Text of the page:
Fore! folded as Emap consolidates golf titles

Emap Active has closed Fore! magazine and folded it into its sister title Today’s Golfer, in a move designed to stop the publisher competing with itself and free up extra cash for brand development.

Emap Active has closed Fore! magazine and folded it into its sister

title Today’s Golfer, in a move designed to stop the publisher competing

with itself and free up extra cash for brand development.



Last week’s ABCs revealed sales of Fore!, which has struggled to boost

circulation for some years, had fallen by 21.2 per cent in 1999, from

over 60,000 to around 48,000.



With a cover price of pounds 2.40 and a healthy ratio of display

advertising, the magazine is still ’very profitable’, according to

publisher Ed Beale, but he was confident that now was the time to merge

the titles before their position weakened.



Fore! advertisement manager Sue Gilbert has left the company following

the announcement, but Beale stressed she quit of her own volition and

has already found another role.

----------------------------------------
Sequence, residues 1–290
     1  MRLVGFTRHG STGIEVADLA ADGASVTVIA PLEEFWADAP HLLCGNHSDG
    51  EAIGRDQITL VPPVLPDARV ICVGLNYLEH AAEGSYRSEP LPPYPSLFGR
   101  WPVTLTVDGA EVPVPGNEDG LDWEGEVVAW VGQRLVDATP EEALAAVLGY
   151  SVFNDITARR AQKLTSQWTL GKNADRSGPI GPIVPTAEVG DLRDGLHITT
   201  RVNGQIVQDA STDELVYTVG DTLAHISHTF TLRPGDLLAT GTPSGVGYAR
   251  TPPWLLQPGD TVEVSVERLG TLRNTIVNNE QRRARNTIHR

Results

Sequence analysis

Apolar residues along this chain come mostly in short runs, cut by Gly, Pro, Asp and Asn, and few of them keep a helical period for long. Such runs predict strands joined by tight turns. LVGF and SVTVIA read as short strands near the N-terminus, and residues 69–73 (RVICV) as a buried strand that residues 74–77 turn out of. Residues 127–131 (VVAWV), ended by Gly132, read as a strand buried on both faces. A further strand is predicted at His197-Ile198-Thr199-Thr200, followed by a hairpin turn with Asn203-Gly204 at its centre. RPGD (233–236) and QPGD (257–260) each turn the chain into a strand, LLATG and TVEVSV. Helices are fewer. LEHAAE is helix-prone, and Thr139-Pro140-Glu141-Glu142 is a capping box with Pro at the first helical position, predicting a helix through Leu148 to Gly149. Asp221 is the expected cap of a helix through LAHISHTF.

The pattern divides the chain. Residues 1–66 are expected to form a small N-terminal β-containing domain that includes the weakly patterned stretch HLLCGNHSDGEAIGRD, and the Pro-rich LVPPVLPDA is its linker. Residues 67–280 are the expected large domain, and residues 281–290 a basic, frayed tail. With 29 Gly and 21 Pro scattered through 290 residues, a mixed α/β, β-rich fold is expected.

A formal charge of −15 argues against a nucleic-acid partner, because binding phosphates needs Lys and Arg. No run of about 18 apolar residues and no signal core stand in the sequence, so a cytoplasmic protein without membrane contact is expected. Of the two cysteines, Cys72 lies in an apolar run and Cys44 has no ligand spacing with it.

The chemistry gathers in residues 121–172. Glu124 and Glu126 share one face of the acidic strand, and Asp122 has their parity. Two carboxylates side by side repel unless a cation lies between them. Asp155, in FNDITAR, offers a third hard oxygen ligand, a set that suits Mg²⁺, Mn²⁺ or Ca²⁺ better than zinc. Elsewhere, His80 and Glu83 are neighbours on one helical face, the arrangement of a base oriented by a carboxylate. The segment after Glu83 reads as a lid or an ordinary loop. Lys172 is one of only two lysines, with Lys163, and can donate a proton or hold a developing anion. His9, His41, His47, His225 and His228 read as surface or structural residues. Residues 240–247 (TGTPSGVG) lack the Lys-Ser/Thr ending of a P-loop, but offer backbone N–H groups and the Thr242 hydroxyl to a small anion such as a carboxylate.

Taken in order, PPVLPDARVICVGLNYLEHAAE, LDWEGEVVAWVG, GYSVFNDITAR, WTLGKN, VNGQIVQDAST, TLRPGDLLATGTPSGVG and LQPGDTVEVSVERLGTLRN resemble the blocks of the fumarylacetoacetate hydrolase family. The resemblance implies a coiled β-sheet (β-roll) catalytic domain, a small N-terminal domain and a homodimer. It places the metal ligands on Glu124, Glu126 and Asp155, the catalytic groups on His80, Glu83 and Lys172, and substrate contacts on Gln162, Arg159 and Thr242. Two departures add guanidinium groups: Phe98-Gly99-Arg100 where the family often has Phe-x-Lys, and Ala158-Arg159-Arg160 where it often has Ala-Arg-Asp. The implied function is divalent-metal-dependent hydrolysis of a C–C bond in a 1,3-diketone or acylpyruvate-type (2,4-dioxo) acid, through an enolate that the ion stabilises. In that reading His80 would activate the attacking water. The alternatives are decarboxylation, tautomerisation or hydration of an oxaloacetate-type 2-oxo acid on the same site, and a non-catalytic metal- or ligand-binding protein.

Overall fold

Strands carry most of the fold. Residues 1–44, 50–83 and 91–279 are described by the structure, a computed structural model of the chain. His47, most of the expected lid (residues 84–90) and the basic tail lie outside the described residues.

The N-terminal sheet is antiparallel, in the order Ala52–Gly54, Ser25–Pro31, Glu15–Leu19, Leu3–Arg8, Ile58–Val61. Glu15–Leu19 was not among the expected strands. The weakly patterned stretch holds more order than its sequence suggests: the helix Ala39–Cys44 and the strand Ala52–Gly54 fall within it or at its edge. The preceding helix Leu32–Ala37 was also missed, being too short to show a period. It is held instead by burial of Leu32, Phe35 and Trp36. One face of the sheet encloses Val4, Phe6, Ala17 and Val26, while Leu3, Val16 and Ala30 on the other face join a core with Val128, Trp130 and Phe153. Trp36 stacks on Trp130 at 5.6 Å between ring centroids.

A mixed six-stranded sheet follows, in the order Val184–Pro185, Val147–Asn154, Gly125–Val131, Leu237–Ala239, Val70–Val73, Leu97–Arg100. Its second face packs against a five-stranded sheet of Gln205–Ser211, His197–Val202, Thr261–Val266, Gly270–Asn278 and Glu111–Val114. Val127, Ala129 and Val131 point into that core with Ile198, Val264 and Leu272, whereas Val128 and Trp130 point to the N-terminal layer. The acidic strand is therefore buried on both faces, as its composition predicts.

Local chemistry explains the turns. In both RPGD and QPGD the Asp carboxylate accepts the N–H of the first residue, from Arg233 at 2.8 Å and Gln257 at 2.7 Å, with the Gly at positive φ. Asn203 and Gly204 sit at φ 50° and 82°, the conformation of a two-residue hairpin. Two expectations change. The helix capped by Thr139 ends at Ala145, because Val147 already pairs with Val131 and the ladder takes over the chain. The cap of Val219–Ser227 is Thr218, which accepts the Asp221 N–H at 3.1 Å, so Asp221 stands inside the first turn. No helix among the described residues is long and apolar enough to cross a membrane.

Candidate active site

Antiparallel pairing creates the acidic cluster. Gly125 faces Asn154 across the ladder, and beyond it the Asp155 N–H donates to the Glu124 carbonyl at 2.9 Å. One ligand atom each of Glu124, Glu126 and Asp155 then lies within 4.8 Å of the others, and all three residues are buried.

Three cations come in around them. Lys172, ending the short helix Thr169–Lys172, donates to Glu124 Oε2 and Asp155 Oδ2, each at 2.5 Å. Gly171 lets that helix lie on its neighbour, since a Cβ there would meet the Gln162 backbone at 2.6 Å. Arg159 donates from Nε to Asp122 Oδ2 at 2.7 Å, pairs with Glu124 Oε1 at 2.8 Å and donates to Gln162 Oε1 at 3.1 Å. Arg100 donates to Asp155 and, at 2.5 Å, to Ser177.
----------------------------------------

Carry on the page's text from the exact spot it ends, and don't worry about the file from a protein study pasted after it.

All other advertising staff will stay with the merged magazine and Sam

Marsh remains advertisement director for the group of titles. The

editorial staff have all been allocated new positions, either on the

merged title or on the development of a Today’s Golfer website, due to

be launched in the summer.



’We don’t want to keep competing with ourselves,’ said Beale. ’We could

probably run Fore! for another ten or 20 years but it makes more sense

to channel all the resources into one brand.



’We are not really closing one magazine here,’ he added, ’we are closing

two. When readers pick up Today’s Golfer they will obviously still get

some of the equity of the old title, but this is a completely new

product we are developing. By doing this we also free up resources to

focus on marketing one great title.’



Dave Clarke, previously editor of the other golf title in Emap’s

portfolio Golf World, said: ’This reflects Emap’s recent restructuring,

which is designed to concentrate networks on developing multi-media

brands across specific markets.’



Brand extensions will include the new website, a network of registered

teaching professionals, an award scheme and eventually a digital TV

programme.



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